January 14, 2013
Céline and I have collaborated to answer your doll making questions from this post.
I'm going to start off by saying I never taught Céline how to make dolls. I am not a doll maker. Years ago, I taught Céline how to sew basic stitches (her skill in that department surpasses my own). Because she loves sewing, art, and doll making, when I come across inspiring ideas and resources along those lines I share them with her. And of course I take her shopping for supplies. The rest, i.e.: the actual design and sewing, she figures out on her own. With the help mostly of the internet.
By the way, this is how homeschooling works - teach a few skills, teach your kids how to access the resources they need, inspire them once in awhile and let them do their own thing.
How did you get started?
Céline says: I don't remember how I started making dolls but I remember a little sewing project book. And I liked the cute projects in that book. (Editor's note: this was a Klutz book which has long since passed out of our possession.)
The first nice doll I made was Isabella. I used a library book pattern for that.
Renee says: Céline has been hand stitching since she was 5 or 6 years old, maybe younger. All of our kids started hand stitching in the early elementary years. I have been sewing for years and our home has always had sewing materials handy.
What tools and supplies are needed?
Céline says: Needles, thread, fabric, stuffing, buttons, beads, yarn, sharpies and colored markers, pencils for pattern drawing, colored pencils for face markings. A computer. (Editor's note: I think the computer is optional but Céline uses her computer for nearly all research these days and can't imagine life without it. Neither can I.)
I also like having embroidery floss of different colors. This can be used for features and hair. One of my favorite sites for learning embroidery is Mary Corbett's Needle N' Thread.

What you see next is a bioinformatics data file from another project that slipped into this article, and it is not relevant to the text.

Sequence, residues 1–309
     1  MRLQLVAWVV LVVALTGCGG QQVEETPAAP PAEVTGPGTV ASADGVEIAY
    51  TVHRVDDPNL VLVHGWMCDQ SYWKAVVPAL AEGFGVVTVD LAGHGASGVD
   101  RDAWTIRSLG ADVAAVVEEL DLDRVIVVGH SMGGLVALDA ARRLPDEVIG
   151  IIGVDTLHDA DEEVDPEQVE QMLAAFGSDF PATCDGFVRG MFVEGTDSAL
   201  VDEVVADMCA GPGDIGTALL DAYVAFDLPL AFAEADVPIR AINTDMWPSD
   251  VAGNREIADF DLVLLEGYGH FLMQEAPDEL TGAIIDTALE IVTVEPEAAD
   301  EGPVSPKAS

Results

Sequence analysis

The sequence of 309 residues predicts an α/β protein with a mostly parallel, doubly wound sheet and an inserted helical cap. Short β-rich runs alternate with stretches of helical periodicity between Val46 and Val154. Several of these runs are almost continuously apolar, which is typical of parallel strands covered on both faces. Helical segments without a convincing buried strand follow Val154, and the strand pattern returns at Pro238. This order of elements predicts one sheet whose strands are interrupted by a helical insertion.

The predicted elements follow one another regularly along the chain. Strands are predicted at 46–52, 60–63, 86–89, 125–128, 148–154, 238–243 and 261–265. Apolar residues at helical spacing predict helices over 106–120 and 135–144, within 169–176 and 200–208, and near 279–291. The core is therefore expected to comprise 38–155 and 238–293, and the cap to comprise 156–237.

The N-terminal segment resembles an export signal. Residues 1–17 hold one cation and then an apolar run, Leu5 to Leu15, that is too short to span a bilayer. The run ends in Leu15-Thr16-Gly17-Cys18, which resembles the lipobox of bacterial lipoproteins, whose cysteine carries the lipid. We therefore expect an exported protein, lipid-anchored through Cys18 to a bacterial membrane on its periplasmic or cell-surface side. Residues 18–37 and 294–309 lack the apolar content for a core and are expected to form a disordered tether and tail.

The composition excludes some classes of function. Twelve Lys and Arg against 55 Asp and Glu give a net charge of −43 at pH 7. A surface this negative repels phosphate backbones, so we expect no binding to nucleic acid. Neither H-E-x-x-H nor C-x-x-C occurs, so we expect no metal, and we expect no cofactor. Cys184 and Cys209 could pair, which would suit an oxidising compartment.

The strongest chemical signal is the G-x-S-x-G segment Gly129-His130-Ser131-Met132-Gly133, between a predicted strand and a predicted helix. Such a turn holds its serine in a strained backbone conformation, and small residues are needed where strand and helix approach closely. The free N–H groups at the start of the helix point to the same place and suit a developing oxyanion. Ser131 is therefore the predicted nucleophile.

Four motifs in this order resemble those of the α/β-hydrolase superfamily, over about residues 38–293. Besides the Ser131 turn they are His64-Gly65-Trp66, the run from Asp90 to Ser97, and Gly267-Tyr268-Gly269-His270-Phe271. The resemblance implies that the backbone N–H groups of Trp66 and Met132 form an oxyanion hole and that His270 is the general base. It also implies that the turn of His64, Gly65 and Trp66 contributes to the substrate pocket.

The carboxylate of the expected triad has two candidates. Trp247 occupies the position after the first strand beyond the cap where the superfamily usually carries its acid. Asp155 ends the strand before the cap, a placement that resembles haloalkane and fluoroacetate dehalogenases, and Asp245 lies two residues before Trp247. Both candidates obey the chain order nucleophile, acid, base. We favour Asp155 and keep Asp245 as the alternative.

What basics would be needed in a sewing kit, not only for doll making, but any sewing projects (even quilting).
Renee says: In terms of general crafting I answered this question in my craft supplies post. None of us are quilters, I can't speak to that.
We'd also be interested in sites for purchasing the body fabric, hair, etc.
Renee says: We just use our local fabric stores. We've never purchased doll supplies online, except for beads. Years ago when we lived in Maine we bought our wool rovings from a local farm.
Céline says: I use plain muslin for most of my dolls. My most recent doll, Rina, uses a stretchy knit (see Cloth Doll Making for the pattern). Felt is a good fabric for basic sewing and getting started but it pills, which is not nice. It also thins out if stuffed too tight and is hard to draw on.
What books and websites do you use?
Céline says: Not very many books these days. I have the book Crafting Cloth Dolls. I've never used any of the patterns, as is, but I do mix and match some of the patterns to make the dolls I want. Mostly though I use this book for inspiration. We don't have any other doll making books. (Editor's note: Crafting Cloth Dolls is not a beginners doll making book nor a toy doll book. It's an artsy doll making book.)
I basically use Google search for whatever I'm looking for. Some search terms I use are 'old fashioned doll' and 'free doll patterns'.One website I really like these days is Cloth Doll Making by Runo.
Renee says: Back when we had access to a good library we used to borrow a lot of craft books and Céline learned a lot of doll making techniques from these. I don't remember the titles of most of these but I do remember Easy to Make Cloth Dolls and All the Trimmings. I'm pretty sure this is the book I used to find the pattern for one of Laurent's dolls.
Any tips (or step by step pictures!) about doing doll-hair would be appreciated.
Céline says: If you are just starting out chunky yarn is easier to use than embroidery floss. It covers the head quicker. Attach some of the underthreads to the head, either with stitching or hot glue. Make sure you have enough threads to make a full head of hair. My favorite hair materials are embroidery floss, yarn, and wool rovings.
Here's a tip: take your yarn or thread and double it over. Make sure that either side is the length you want on the hair. Use a small stitch to attach the midpoint to the head and then fold the hair onto the same side of the head.
It looks like Céline's dolls have drawn-on faces, are these with fabric markers, or are they embroidered and so tiny I can't tell?
Céline says: I use ink pens and markers for features, and colored pencils for blush. When I make felt dolls I use embroidery floss and felt for the facial features. Eye catchlights are either white fabric or felt. For example, Rina's eyes have a little piece of white felt glued on. You could also embroider the catchlights with white embroidery floss.
Practice drawing eyes and other features on a scrap piece of fabric.